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Libyan celebrate after the Muslim Friday prayer at Martyrs Square in Tripoli, Libya, Friday Oct. 21, 2011. The death Thursday of Gadhafi, two months after he was driven from power and into hiding, decisively buries the nearly 42-year regime that had turned the oil-rich country into an international pariah and his own personal fiefdom. (AP Photo/Francois Mori) Libyan celebrate after the Muslim Friday prayer at Martyrs Square in Tripoli, Libya, Friday Oct. 21, 2011. The death Thursday of Gadhafi, two months after he was driven from power and into hiding, decisively buries the nearly 42-year regime that had turned the oil-rich country into an international pariah and his own personal fiefdom. (AP Photo/Francois Mori)  

Libya’s turmoil, al-Qaida presence ‘no surprise,’ says White House [VIDEO]

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Neil Munro
White House Correspondent

Weekend media reports showed al-Qaida’s flag flying in central Benghazi, and noted that Libyan anti-aircraft missiles had been purchased by terror groups, but White House spokesman Jay Carney said Monday the administration has not been surprised by news reports from Libya.

“I’m not aware of anything that has been reported that has surprised us out of Libya,” Carney said during a morning press briefing.

White House officials have not responded to The Daily Caller’s request for an explanation of Carney’s statement.

The news follows the Oct. 22 announcement by the transitional Libyan leader that the country would discard current divorce laws in favor of archaic Islamic laws that allow polygamy and easy divorce for men.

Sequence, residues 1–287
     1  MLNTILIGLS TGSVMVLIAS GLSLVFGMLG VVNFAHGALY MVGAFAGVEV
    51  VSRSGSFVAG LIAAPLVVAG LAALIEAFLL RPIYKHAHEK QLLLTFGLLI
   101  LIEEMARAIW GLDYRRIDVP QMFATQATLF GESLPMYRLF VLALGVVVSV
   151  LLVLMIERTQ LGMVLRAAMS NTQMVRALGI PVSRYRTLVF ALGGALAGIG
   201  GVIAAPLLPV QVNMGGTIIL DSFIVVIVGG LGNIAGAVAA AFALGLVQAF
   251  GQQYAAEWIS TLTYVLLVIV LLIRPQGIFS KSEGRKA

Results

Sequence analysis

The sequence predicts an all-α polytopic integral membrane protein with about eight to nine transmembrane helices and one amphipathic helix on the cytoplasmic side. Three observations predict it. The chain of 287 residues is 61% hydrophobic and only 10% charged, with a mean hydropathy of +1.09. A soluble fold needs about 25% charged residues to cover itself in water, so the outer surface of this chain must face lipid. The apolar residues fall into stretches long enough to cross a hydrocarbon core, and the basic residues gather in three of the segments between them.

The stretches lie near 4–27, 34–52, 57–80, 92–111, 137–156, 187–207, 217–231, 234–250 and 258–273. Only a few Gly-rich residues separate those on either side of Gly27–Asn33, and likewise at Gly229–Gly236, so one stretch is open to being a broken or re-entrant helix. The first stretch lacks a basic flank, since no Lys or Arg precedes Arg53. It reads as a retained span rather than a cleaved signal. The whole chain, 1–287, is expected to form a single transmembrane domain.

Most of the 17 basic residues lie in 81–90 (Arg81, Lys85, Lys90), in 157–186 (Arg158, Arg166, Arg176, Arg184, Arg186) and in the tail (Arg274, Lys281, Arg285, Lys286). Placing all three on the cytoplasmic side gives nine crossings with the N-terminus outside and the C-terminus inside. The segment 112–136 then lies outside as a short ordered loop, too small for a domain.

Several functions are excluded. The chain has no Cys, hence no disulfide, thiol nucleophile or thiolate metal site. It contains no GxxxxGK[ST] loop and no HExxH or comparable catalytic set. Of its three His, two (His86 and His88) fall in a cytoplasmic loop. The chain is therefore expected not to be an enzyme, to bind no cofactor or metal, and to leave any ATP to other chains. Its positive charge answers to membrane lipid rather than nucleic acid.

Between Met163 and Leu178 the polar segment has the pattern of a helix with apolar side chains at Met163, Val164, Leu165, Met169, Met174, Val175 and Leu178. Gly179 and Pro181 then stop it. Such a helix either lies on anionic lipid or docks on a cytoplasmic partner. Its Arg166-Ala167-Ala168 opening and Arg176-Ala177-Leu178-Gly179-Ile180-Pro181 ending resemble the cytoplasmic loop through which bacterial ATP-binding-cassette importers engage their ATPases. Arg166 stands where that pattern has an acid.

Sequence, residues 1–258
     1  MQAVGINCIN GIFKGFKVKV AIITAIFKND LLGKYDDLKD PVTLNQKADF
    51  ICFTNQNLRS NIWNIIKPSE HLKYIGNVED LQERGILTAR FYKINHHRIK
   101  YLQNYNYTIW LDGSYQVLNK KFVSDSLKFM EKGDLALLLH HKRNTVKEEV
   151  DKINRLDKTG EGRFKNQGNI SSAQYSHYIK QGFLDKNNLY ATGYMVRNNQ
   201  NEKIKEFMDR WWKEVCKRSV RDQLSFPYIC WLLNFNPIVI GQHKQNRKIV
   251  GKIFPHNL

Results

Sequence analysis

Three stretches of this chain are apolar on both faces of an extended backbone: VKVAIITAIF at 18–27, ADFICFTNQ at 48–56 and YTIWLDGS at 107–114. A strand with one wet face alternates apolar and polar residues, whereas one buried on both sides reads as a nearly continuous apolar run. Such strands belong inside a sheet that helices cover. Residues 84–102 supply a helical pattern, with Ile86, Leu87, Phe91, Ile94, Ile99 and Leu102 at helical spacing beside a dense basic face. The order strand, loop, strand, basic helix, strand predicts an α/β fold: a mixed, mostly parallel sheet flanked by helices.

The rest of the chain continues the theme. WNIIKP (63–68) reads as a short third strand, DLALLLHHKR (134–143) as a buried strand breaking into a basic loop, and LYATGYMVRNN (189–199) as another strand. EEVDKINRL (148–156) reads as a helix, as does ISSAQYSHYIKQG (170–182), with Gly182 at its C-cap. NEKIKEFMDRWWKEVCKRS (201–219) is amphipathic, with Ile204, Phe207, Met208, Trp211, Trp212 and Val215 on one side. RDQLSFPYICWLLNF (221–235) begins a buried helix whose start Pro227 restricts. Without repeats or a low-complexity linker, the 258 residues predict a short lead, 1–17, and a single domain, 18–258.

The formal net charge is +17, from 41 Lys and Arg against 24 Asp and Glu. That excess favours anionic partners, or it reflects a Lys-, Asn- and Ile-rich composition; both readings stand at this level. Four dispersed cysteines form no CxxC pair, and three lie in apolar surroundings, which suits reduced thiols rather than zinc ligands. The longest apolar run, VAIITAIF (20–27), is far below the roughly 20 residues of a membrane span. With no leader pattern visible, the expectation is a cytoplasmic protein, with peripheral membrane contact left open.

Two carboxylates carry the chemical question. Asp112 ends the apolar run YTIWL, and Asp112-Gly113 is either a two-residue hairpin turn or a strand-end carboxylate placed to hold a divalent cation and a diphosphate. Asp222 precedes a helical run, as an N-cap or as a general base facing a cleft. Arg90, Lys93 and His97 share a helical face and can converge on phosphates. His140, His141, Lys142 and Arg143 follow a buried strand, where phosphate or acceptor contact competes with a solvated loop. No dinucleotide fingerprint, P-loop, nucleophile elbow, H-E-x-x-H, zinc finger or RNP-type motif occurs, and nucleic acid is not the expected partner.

A CNN report on Saturday showed al-Qaida’s black flag flying over the Benghazi courthouse, which was one of the rebellion’s starting points.

Watch:

The black flag is used by jihadi groups, including al-Qaida, and typically depicts words from the Islamic prayer, dubbed the Shahada. “There is no god but God, and Muhammad is the messenger of God,” says the prayer.

A Libyan reporter, Sherif Elhelwa, posted pictures of the flag at the courthouse, and also quoted a guard threatening him. “Whomever speaks ill of this flag, we will cut off his tongue. I recommend that you don’t publish these. You will bring trouble to yourself,” the guard said, according to Elhelwa.

Last Thursday, the Israeli newspaper Haaretz reported that Libyan anti-aircraft missiles had already been smuggled into the Gaza Strip, which is controlled by Hamas, a violent offshoot of the Egypt-based Muslim Brotherhood. (RELATED: Al-Qaida plants its flag — literally — in Libya)

The missiles were bought from Russia by former Libyan dictator Moammar Gadhafi. The missiles were looted from Libyan army bases following the March intervention by a NATO-led coalition in the civil war. U.S. and NATO aircraft destroyed Gadhafi’s armed forces and allowed the lightly-armed rebels to capture the weapon depots. The U.S. did not deploy ground forces that could have captured the missiles before they were taken by the smugglers.

White House officials have announced a small effort to buy back the stolen missiles, which can be used to shoot down unprotected passenger airliners. The stocks may have included 20,000 missiles, but some were destroyed during the war and others have been secured by Libya’s transitional government, White House officials said in October.

On Sunday, Libya’s interim prime minister, Mahmoud Jibril, also announced that international organizations are helping to remove a stockpile of chemical weapons. “It is in our interest to have no weapons in Libya,” he told reporters “[and] there are international organizations taking care of this issue,” he said, according to an AP report.

The previous Sunday, Oct. 22, the head of Libya’s Transitional National Council, Mustafa Abdul-Jalil, abruptly announced that Islamic law, or Sharia, would provide the “basic source” of Libyan law. “This revolution was looked after by Allah to achieve victory,” he said to a celebratory crowd in Benghazi.

Libyans are slated to approve or disprove a proposed constitution in June 2012, prior to elections for a new government.

U.S. officials have repeatedly evaded questions about the intentions of the new leaders in Libya. “We have a good, we believe, feeling for and understanding of [the TNC],” Carney said Oct. 20, shortly after Gadhafi’s death was announced.

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